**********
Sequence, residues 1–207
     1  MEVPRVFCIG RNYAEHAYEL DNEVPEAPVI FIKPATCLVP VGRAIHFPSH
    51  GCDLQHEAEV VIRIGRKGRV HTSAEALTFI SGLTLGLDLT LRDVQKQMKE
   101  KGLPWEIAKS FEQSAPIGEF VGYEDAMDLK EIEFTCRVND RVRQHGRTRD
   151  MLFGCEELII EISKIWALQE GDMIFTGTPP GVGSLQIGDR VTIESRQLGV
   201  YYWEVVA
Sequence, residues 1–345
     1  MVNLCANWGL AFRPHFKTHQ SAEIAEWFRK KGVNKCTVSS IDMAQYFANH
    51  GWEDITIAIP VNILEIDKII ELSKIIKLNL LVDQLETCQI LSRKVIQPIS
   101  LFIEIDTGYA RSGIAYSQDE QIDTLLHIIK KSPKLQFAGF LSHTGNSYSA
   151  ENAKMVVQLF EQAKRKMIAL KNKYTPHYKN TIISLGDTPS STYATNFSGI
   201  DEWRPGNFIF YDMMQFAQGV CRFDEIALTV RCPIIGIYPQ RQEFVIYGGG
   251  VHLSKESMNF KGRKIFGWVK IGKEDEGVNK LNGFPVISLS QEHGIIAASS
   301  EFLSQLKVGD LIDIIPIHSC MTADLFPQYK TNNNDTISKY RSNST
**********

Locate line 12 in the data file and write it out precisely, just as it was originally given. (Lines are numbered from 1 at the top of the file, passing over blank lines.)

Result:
   201  DEWRPGNFIF YDMMQFAQGV CRFDEIALTV RCPIIGIYPQ RQEFVIYGGG